Development must boost defense and improve Japan’s technology

This is the first time for Japan to jointly develop defense equipment with countries other than its ally, the United States. The program by Japan, the United Kingdom and Italy must contribute to raising the level of Japan’s defense industry and strengthening its technological base.

The three countries have agreed to jointly develop their next generation of fighter aircraft. Design work is said to begin next fiscal year, with the aim of deployment around 2035.

In recent years, Japan and the United Kingdom have conducted a series of joint training exercises, including in the realm of cyber defense. An agreement to facilitate reciprocal visits between the Self-Defense Forces and the U.K. military is also being coordinated for conclusion in the near future.

The latest program, which includes G7 member Italy, must serve as an opportunity to further deepen security cooperation.

Japan and the United States have also considered joint development of next-generation fighter jets, but the United States has reportedly been reluctant to share confidential information such as software details. If the information cannot be shared, there is concern that Japan would not be able to upgrade the aircraft in the future, resulting in ballooning maintenance costs.

Japan, Italy and the United Kingdom already had similar timelines for the start of development and deployment of next-generation fighter jets. The agreement to share classified information was also a key factor to decide on the joint development.

In conjunction with the announcement by the three countries, the United States announced a policy of joint research with Japan on an unmanned aircraft that would complement the operation of the next-generation fighter aircraft.

If the equipment can be made interoperable, joint response capabilities will be improved. The government should deepen cooperation with the North Atlantic Treaty Organization, which includes the United States, to enhance deterrence effectiveness.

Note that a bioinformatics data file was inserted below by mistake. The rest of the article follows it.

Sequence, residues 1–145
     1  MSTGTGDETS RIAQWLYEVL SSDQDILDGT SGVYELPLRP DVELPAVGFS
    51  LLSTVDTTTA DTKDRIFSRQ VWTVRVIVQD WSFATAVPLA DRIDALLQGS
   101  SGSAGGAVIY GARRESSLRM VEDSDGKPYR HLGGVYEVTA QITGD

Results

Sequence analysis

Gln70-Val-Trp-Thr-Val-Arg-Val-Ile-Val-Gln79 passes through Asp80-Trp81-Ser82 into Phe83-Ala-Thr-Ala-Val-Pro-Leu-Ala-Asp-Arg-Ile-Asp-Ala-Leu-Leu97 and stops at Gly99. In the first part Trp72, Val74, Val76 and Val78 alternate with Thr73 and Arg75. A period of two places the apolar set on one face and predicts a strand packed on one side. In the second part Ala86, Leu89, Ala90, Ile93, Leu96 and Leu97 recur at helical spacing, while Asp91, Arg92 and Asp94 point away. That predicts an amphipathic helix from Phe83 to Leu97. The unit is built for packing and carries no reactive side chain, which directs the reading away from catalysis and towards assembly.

The Air Self-Defense Force currently operates a total of 300 fighter aircraft in three models. Of these, about 90 F-2 fighters, which are the only model not imported but jointly developed with the United States, are scheduled to be retired from service in the 2030s. The next-generation fighter to be developed by Japan, the United Kingdom and Italy will be the successor to the F-2 jets.

Mitsubishi Heavy Industries, Ltd., IHI Corp. and Mitsubishi Electric Corp. will participate in the program as the main contractors from Japan. More than 1,000 companies are reportedly expected to be involved in the manufacturing of the aircraft, including the procurement of parts for the fuselages and engines. It is important to nurture expert personnel and pass on the technology to future generations.

The development of fighter jets with advanced functions, such as stealth performance, often takes the form of a joint effort by countries because of the enormous cost involved.

The latest development program is expected to cost several trillion yen. Japan, the United Kingdom and Italy will try to reduce their own burdens by sharing the costs, but at the same time, they must also strive to reduce the overall costs in the first place.

The United Kingdom is considering exporting jets completed in the development project to third countries as part of its emphasis on cost-effectiveness. But Japan limits the use of exported defense equipment to such purposes as rescue and surveillance — a factor that has stalled transfers of defense equipment overseas. Expanding sales channels is an important issue.

(From The Yomiuri Shimbun, Dec. 13, 2022)